On the “Tom Hanks Scale Of Greatness” the version that usually tops the list is the Loveable Everyman Hanks, the romantic star of Sleepless In Seattle and You’ve Got Mail or the charismatic presence supporting a larger ensemble in the excellent women’s baseball favourite A League Of Their Own or the otherwise ordinary Extremely Loud And Incredibly Close. This is the Hanks we all know and love – an effortlessly charming guy next door we can relate to, funny without being over the top and handsome without being unapproachable. It’s the version of the actor that best utilizes the natural likeable appeal of the man himself, able to bridge the gap between demographics and audiences with a mere grin.
From there it splits into arguably his two most successful categories – Serious Actor Hanks and American Impersonator Hanks. Both marked him firmly in the award-winning category, the former through emotionally exhaustive turns in Saving Private Ryan and Cast Away, the latter with an increasing number of real life roles he’s been able to tweak with subtle Hanksian brilliance. The first Oscar win came with a mid-career turn in Philadelphia and continued in the following year’s Forrest Gump, while American Impersonator Hanks has since become a staple of his later career with the likes of Saving Mr. Banks, Captain Phillips and Sully. He’s never been a chameleon in the mould of Daniel Day Lewis or Cate Blanchett, but managed to merge his latent movie star appeal with real world worries like no other actor in history.
Down the very bottom of the scale sits the most underappreciated version of all – Pure Comedy Hanks. It was the era that began his big screen career and peaked with yet another Oscar nominated performance in Big. This was the youthful, energized Hanks stealing scenes with a subtle genius no comedic star has managed since. He was never one to grandstand in the way that has become the norm these days, a formula that resulted from Will Ferrell’s hilariously absurdist excess. Hanks was a serious actor from the outset, only one with incredible comic timing. Ferrell’s greatness stems from his ability to stand out from whatever film he’s in, while Hanks is the exact opposite – his characters are a product of the world they live in and his comedy a result of the situation itself.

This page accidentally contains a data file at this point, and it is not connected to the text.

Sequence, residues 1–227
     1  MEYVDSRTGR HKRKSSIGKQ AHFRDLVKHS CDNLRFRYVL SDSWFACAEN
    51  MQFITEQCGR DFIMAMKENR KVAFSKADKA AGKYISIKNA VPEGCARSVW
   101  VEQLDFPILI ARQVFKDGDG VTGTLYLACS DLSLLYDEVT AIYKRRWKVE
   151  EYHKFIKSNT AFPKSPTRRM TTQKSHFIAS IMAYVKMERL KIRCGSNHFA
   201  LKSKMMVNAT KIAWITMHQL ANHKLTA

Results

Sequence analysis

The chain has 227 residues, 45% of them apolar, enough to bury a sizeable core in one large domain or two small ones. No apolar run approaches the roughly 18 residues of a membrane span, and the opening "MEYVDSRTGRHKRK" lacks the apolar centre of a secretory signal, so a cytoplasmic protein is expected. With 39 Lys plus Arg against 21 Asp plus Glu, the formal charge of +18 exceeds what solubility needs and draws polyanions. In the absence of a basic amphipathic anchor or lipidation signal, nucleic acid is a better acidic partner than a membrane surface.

The ‘Burbs is Pure Comedy Hanks at his very best. Set entirely on a suburban cul-de-sac and inhabited by an assortment of bored and strange characters, it pairs America’s favourite leading man with the criminally underrated director of Gremlins, Innerspace and The Howling – the legendary Joe Dante. Dante’s cartoonish horror sensibilities are a perfect fit for this story of a man growing increasingly suspicious of his creepy new neighbours the Klopeks, with Hanks in the lead role of Ray Peterson – a man with a simple desperation to spend his entire holiday time in his robe at home watching TV. Teaming with two neighbours in Rick Ducommun’s paranoid friend Art and the brilliant Bruce Dern as militant lunatic Rumsfield, Ray sets about proving any and all suspicions correct using increasingly intrusive methods.